Ivan Pavlov, un abogado que solía defender casos difíciles de seguridad nacional antes de verse obligado a huir de Rusia, dijo que la tortura se había utilizado durante mucho tiempo en casos de terrorismo y asesinato, casi siempre fuera de la vista. Una vez que las noticias sobre torturas se filtran por las cárceles, dijo, permite que “otras personas sepan que si te acusan de terrorismo, las fuerzas especiales te torturarán. Así que funciona como prevención”.

Las audiencias judiciales del domingo fueron inusuales porque la tortura se expuso de forma tan abierta, dijo Pavlov.

“Antes lo ocultaban al público en general, pero ahora ya no, porque el público en general está preparado para la violencia”, dijo. “Ya no es algo extremadamente desagradable para el público en general debido a la guerra”.

Rusia ya no forma parte del Convenio Europeo de Derechos Humanos, pero la Constitución rusa prohíbe la tortura. También forma parte de la Convención contra la Tortura de las Naciones Unidas.

Dado que la tortura es un delito tanto según el derecho internacional como en muchos países, los abogados defensores normalmente intentarían que se desestimara cualquier testimonio extraído bajo tortura porque es muy poco confiable, dijo Scott Roehm, director de política global y defensa del Centro para las Víctimas de la Tortura, con sede en Minnesota, que trabaja en todo el mundo.

La afirmación legal de que la tortura es un delito, un aspecto fundamental de la legislación internacional sobre derechos humanos, se vio sometida a presión en Estados Unidos tras los atentados terroristas del 11 de septiembre, señaló Roehm. Por ello, las comisiones militares que se ocuparon de los casos de Guantánamo tuvieron que tener en cuenta que algunas de las pruebas estaban contaminadas por la tortura.

“Los torturadores no dedican mucho tiempo a pensar en las consecuencias de sus actos”, dijo Roehm, sobre todo después de un atentado como el de Moscú. “Creo que la mentalidad de un torturador suele ser una mezcla de un buen grado de venganza y una suposición totalmente equivocada e ignorante de que se puede conseguir que alguien ‘confiese’ bajo tortura, y que esa confesión puede utilizarse para condenarlo”.

Los juicios a extremistas en Rusia suelen celebrarse a puerta cerrada, como la mayoría de las audiencias del domingo, por lo que es imposible saber hasta qué punto los abogados defensores se han opuesto a esta práctica. La mayoría de los jueces rusos probablemente la ignorarían en cualquier caso, dijo Pavlov, porque saben de antemano lo que se espera de ellos en cuanto a la condena de los acusados.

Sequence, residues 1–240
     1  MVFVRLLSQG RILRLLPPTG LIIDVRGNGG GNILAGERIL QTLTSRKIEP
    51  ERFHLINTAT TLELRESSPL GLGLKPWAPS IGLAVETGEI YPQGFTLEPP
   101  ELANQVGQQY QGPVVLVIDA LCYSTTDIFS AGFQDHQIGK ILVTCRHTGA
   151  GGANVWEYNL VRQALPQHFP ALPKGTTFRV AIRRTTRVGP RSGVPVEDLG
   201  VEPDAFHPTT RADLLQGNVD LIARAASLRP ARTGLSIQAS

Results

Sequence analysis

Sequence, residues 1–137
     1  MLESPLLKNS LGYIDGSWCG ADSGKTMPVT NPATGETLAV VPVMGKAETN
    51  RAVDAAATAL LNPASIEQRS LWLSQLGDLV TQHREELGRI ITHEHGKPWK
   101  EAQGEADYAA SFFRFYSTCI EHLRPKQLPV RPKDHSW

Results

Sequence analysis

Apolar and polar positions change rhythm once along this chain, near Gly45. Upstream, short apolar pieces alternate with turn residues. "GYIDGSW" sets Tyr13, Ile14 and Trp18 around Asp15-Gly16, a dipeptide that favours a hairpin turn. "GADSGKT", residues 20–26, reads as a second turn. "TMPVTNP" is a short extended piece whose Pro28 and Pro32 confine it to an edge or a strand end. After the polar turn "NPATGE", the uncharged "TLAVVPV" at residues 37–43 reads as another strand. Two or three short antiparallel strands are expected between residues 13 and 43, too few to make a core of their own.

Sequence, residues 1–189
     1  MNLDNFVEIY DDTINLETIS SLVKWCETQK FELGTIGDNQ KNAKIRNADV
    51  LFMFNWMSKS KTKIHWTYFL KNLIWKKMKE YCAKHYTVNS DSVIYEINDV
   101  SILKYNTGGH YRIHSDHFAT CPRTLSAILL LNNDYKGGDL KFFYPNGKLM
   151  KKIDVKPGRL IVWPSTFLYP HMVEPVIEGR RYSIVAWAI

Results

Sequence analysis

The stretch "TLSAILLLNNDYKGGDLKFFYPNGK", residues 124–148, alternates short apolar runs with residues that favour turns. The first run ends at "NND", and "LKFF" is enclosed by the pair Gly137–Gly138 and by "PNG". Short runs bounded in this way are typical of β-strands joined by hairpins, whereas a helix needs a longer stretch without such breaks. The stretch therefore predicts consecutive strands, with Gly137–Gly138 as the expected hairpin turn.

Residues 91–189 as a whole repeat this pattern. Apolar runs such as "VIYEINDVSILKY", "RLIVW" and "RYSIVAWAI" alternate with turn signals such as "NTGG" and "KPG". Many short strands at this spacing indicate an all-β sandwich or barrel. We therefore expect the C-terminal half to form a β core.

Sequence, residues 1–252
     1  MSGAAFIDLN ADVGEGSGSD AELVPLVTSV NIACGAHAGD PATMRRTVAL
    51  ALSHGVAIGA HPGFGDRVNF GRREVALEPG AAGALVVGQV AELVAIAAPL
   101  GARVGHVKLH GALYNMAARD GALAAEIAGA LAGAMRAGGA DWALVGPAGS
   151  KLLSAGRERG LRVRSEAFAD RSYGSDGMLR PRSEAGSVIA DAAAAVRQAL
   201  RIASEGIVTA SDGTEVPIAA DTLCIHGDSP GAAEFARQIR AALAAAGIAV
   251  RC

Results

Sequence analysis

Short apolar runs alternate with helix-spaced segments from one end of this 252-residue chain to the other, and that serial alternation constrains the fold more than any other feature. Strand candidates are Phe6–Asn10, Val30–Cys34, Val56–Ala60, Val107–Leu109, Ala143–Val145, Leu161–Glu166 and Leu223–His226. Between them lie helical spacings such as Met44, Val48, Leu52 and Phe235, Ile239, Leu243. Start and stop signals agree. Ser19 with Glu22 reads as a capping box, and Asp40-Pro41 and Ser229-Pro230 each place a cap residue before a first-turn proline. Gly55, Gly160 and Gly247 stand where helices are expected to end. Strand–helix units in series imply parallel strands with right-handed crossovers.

De hecho, el juez del caso de Muhammadsobir Fayzov, de 19 años, quien por momentos parecía apenas consciente, ignoró casi por completo el hecho de que el acusado estaba en una silla de ruedas con una bata de hospital abierta y una bolsa de recolección de orina con un catéter en el regazo. La única vez que el juez lo reconoció fue al ordenar que dos médicos que acompañaban a Fayzov fueran expulsados de la sala con el resto del público cuando clausuró la audiencia, según el informe de Mediazona, un medio de noticias independiente ruso.

La flagrante exhibición el domingo de los sospechosos con señales de maltrato fue especialmente atroz, señaló Pavlov. “Son circunstancias tristes, por supuesto”, dijo, “pero convirtieron el juicio en un circo”.

Soldatov, experto de los servicios de seguridad, dijo que la tortura y la respuesta oficial a la misma fueron una señal para los militares de que la violencia espantosa era ahora aceptable y alentada.

Al hacer públicos los videos de las torturas, las autoridades están “enviando un mensaje de intimidación a todos los que no están del lado del Kremlin, y enviando un mensaje muy alentador a los militares y a los servicios de seguridad de que están en la misma página”.

Ruslan Shaveddinov, activista y periodista de investigación afiliado al Fondo Anticorrupción de Alexéi Navalny, el opositor que murió en una cárcel rusa el mes pasado, pidió a los rusos que condenaran tanto a los terroristas como las torturas empleadas contra ellos.

“Es importante decirlo: la tortura no es normal”, tuiteó el domingo. “La tortura como fenómeno no debería existir. La policía y el Estado torturan hoy a un terrorista, ven con buenos ojos este método, y mañana torturarán a un activista, a un periodista, a cualquier otra persona. No conocen otro método”.

Aric Toler colaboró con reportería.

Valerie Hopkins cubre la guerra en Ucrania y cómo el conflicto está cambiando a Rusia, Ucrania, Europa y Estados Unidos. Radica en Moscú. Más de Valerie Hopkins

Neil MacFarquhar es reportero del Times desde 1995, y ha escrito sobre una amplia gama de temas, desde la guerra a la política, pasando por las artes, tanto a escala internacional como en Estados Unidos. Más de Neil MacFarquhar

¿Quién podría influir en el resultado de las elecciones de EE. UU.? El presidente de México

Natalie KitroeffZolan Kanno-Youngs y